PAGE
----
Brightening someones day. . .

I have been reading "Small Acts of Grace" by Alice Gray (a favourite author of mine) and she covers a chapter on encouragement.  Being there to support a friend, offering that kind word, sending a note that might make a difference - to give a little lift and extra encouragement to those that need it - to brighten someones day. 

Alice Gray reminds her readers not to forget people on those "ordinary days' when life is just plodding along - those ordinary days that we all have that need to be brighten up.  Alice suggests using notes, they are cheap and cheerful and can really make a differences (and often much nicer than electronic notes as they can be displayed and treasured because of their personal touch). Here is a list of ways of encouraging people through note writing:
  • Send notes to children, grandchildren, nieces and nephews with words of kindness and encouragement - telling them something wonderful that you have noticed eg showing respect for an older person.  Make the notes fun with stickers and glitter.
  • Send notes of encouragement to teenagers who live in such a negative world.  Sometimes just a few words can make a differences. Make it fun and colourful.  Perhaps add a "voucher" for an outing or afternoon tea together (these are great for any age).
  • Send a note to someone who is feeling down or heard bad news, a simple note can provide the courage they need to keep on going.
  • Send a note to someone you haven't heard from in years, perhaps thanking them for the impact they have had on your life.
  • Send a note to someone who rarely ever gets mail (except for bills) - it will make their day and be such a nice surprise.
  • Send someone a favourite recipe that you think they might like. Or perhaps a text, a book, a poem, some stickers - it doesn't need to be expensive, it is the care that is put into the note that matters.
It doesn't take long but it will mean so much for the person receiving it.  I am off to send a note to someone who I know needs cheering up.

She also makes a very important point - often when someone is suffering, people rally around and help, but then they go off and carry on with their own lives - however the ongoing support is often needed and Alice Gray reminds her readers to remember these people for the long term.  I think this is so important - after a disaster we all tend to "do things', but a couple of months later, it all seems to be forgotten, and we have moved on - they haven't.  Don't forget them.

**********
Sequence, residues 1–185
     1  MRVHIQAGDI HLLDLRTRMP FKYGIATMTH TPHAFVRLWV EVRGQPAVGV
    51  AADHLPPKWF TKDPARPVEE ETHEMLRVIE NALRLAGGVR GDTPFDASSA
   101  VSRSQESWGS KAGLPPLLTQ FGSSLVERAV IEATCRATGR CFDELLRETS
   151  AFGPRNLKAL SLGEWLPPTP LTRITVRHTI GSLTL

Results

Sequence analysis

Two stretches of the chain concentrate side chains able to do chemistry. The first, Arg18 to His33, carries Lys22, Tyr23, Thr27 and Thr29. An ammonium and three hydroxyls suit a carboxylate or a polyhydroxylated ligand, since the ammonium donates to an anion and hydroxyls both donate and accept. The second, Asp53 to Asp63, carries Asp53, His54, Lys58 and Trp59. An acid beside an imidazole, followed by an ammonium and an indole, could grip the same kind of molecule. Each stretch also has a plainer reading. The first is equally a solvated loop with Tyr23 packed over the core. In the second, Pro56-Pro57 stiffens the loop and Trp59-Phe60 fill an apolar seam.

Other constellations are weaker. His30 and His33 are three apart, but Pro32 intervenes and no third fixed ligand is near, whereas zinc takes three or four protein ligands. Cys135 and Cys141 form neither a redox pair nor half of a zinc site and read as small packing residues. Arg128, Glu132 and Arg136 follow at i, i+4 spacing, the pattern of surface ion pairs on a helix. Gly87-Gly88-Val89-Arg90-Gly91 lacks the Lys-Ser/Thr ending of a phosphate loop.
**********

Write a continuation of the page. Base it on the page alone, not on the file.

In all of these situations, it's important to remember we're not on our own when it comes to encouragement. We can trust God to bring to our minds people who could use an encouraging word or action.  But it's up to us to act on those little "nudges" and obey.

 Alice Grays ends the chapter with this:

Dear Lord . . . Ever since I was a little girl, I wanted to wave pompoms, and now You have chosen me to be on Your cheerleading squad.  No tryouts or competitions or synchronized dance steps - You only ask that I humble my heart before you, pray, and then unwrap Your gifts and give them away..  Thank You for choosing me to do this.

The beauty of the written word is that it can be held close to the heart and read over and over again.
 Florence Littauer



  1. I've been inspired! The children and I are going to send some notes tomorrow. Thank you for sharing. God bless you as you are always an encouragement.

  2. Hi Jo,

    I just love this post, would you mind if I copied it and printed it out for reference. I will look out for the book too. Being an encourager is not always easy, but it is so so needful, especially in today's world. Maybe at some point, with your permission, I could blog this and put your name to it. I love her prayer too.

    Thanks again, you have encouraged me this morning and inspired me.

    Hugs Nita.

  3. Nita - no problems at all. It really is an excellent book full of great ideas - last night I read the chapter of friends.

    Alice Gray is an excellent writer. I always feel like she is giving me a hug of encouragement when I read her books.

  4. What a godo reminder, Jo. I need to do this again sometime. Perhaps I'll send some notes to my youth group girls, as we are just done with our year of meetings...

  5. There is nothing like an old-fashioned letter in the mail to make a person feel like someone really cares. Emails and cell text messages are ok, but letters have so much more impact - especially now in our day when most people couldn't be bothered with "snail mail".
    Thanks for the encouragement to be an encourager! :) I reckon there wouldn't be anyone in this world who didn't know SOMEONE they could send a letter of encouragement to. Our world is just like that - full of trials and sorrows and difficulties... God encourages us to comfort one another too, so it's a godly pursuit, to boot! :)

  6. Hello Jo,

    I believe Americans are the only ones that put the return address up in the corner, but a lot of them still do it on the back of the envelope. It may be that it was put on the front to make it easier for the postal workers.

    I liked this post and I liked the other ones, too, so I added you to my blog roll. I am always looking for new blogs to add.


  7. Jo - This is a levely post and has so much worth regarding helping others in need. I have always felt that people often help in the crisis part but then leave their friend alone - often when they need love and support the most. I do try to be there for the duration when I have a friend who is hurting.

    I love the beautiful photo of the letters~~



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